The Void (2016) — Lovecraftian pyramid cult invades a hospital

“There are things older than time and they have blessed me.”

ZombieDog’s rating: True horror movie experience to watch after dark with tw- to-four people.

ZombieDog’s review: Defining a cult movie is not an easy task — it’s even come up multiple times in reviews on this very website. The real problem is that the definition has fundamentally changed since its inception. It used to describe counterculture movies or midnight flicks. These were distinct groups of films that had unique subject matter which could be defined. In general, it was sexually oriented, bizarre, or outside the mainstream. The description on our own site is “a movie which develops a passionate following.” The problem with that though is it seems that it could describe virtually any movie. If all movies can be cult movies, then none are.

I’m going to sidestep this for a moment, mostly because coming up with a solid definition may be impossible. So, I think the best thing for my purposes would be to come up with my own definition. This does not mean that I am the arbiter of truth and the sayer of cult movies. What it means is that what I am going to do is offer films I think should be nominated for cult status. I think a cult movie is an actual thing — a describable, quantifiable movie experience. The problem with this is some of the descriptions overlap with other films and thus the confusion. The Little Mermaid has a devoted following, but I would not call it a cult film. Unless you’re watching it at burning man on an excessive amount of party favors dressed as a lobster under the sea along with 300 other people who are trying to determine if this is real or not.

Something that is “real” is that whether or not there is a functional definition of cult movies they are still being produced. Two-thousand sixteen was a good year for the ’80s. Not only did we get Stranger Things on Netflix, but a creepy horror film done in the ’80s style called The Void. This is a straightforward Lovecraftian storyline which doesn’t spoon-feed us the concept up front; the viewer is on the journey the same as the characters in the movie.

What makes this approach even more effective is that all the characters are well-seasoned background and supporting actors. Most well-known among them are Ellen Wong from Scott Pilgrim vs. the World and Kenneth Welsh (one of those actors you may not know by name yet definitely know by face). His IMDB entry is so long I struggled to pick out a singular project to name him for. The rest of the cast, while not as accomplished as Mr. Walsh, are perfectly matched in talent.

The Void starts off with two men hunting down a couple as they’re running away from a house. One of the men shoots at a woman and she falls to the ground. The young man that was with her runs into the woods as the pair of hunters light the woman on fire. It is a brutal opening and we’re not exactly certain what’s going on. The man who escaped stumbles out of the forest and falls on to a nearby road where he is spotted by a police officer. The police officer believes that he is either drunk or on drugs and because he is barely conscious, he decides to take him to the hospital.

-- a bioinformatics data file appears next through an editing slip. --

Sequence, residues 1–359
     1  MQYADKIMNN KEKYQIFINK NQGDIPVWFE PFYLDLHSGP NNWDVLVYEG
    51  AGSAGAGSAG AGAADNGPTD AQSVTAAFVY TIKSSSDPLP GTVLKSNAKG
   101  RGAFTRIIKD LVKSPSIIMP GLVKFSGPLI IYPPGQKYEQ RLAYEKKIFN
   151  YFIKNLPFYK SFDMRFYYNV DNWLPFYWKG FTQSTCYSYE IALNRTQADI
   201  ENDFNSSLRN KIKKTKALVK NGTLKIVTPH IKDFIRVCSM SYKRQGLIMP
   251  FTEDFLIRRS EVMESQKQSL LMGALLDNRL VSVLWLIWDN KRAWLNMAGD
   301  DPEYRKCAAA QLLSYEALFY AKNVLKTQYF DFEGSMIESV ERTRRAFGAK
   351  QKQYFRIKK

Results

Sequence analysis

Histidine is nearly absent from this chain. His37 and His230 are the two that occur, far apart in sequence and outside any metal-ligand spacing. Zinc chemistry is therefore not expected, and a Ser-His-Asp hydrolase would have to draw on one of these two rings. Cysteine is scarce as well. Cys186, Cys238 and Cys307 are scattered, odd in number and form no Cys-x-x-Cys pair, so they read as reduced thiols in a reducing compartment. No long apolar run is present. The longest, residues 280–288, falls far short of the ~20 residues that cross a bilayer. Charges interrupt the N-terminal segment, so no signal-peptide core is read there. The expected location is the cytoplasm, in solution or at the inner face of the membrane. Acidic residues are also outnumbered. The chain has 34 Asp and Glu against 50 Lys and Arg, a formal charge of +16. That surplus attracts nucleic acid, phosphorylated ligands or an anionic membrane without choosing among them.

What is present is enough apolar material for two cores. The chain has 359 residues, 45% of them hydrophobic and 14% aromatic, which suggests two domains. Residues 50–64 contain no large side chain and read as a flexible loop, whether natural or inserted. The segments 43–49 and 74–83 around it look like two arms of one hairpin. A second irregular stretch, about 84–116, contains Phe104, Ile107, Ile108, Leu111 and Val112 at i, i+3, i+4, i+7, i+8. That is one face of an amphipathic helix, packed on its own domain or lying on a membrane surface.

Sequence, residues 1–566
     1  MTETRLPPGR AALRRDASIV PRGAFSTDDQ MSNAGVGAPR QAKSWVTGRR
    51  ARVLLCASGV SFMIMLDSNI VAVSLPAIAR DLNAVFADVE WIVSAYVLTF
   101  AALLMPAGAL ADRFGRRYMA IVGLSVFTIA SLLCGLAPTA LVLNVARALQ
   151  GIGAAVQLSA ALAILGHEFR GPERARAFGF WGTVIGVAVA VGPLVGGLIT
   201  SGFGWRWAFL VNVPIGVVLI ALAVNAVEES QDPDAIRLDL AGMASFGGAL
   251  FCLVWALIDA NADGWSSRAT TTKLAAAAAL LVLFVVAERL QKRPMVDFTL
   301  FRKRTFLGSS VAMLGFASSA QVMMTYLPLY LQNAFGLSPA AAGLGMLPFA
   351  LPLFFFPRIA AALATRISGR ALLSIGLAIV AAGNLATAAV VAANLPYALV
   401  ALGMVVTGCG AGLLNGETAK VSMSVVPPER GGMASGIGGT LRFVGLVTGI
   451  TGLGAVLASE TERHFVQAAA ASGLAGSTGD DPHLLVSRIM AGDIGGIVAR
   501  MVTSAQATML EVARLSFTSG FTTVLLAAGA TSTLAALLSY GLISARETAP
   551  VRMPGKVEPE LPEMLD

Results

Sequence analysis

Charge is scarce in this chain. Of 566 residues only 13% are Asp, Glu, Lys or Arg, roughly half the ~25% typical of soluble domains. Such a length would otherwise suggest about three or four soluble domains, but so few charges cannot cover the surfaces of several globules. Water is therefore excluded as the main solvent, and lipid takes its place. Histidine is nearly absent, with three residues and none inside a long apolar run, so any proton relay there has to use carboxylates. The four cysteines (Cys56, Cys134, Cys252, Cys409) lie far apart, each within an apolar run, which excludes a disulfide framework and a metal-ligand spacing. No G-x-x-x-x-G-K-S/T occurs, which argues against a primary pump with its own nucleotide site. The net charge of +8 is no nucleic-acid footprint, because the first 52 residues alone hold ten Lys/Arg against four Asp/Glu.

The hospital, the centerpiece of the film, is in the process of closing down due to fire damage. There is a skeleton staff present, the hospital is barely functional, and boxes pack the halls for the upcoming move. All appears normal except for emergency room patients seeking treatment for varying serious conditions.

I’m going to say as little as I can about the movie because I believe going in without preconcepts makes this a better movie experience. I will say this though: The first monster shows up at the fifteen-minute mark, followed by an otherworldly horn, cult members, and the dead who don’t stay dead.

There’s no doubt I am a biased observer here. I lived through the ’80s and I think it was a wonderful period of moviemaking. I think the ’70s was the best, mind you, but the ’80s was a powerful decade. Cable TV was just coming into its own, and it was a new venue for film that wasn’t available before. The equipment to make film and the ability to do so was becoming more accessible. Directors like Roger Corman took advantage of this new outlet to produce over 100 movies in the ’80s alone. Many of these were B-movie classics although some were internationally acclaimed, such as Fitzcarraldo (1982). In terms of raw creativity and original ideas, I think the ’80s would be difficult to beat.

So why are people calling The Void an ’80s-style film? If I had to pick a singular answer, it would be monster design. All the monsters are physical props which have a tangible feeling of weight and presence. There is some CGI in the movie, however it is used sparingly and for effect. While I think the creatures are strong ’80s representatives, there are other aspects of the film which mimic horror films from the ’80s. The storyline, the setting, the dialog from the actors, and even the conclusion feels like it came from this decade.

As silly as this is going to sound, the true beauty of The Void is that it has a beginning, a middle, and an end. It’s not setting up a sequel, it’s not trying to gross us out, it’s just offering a creepy horror experience.

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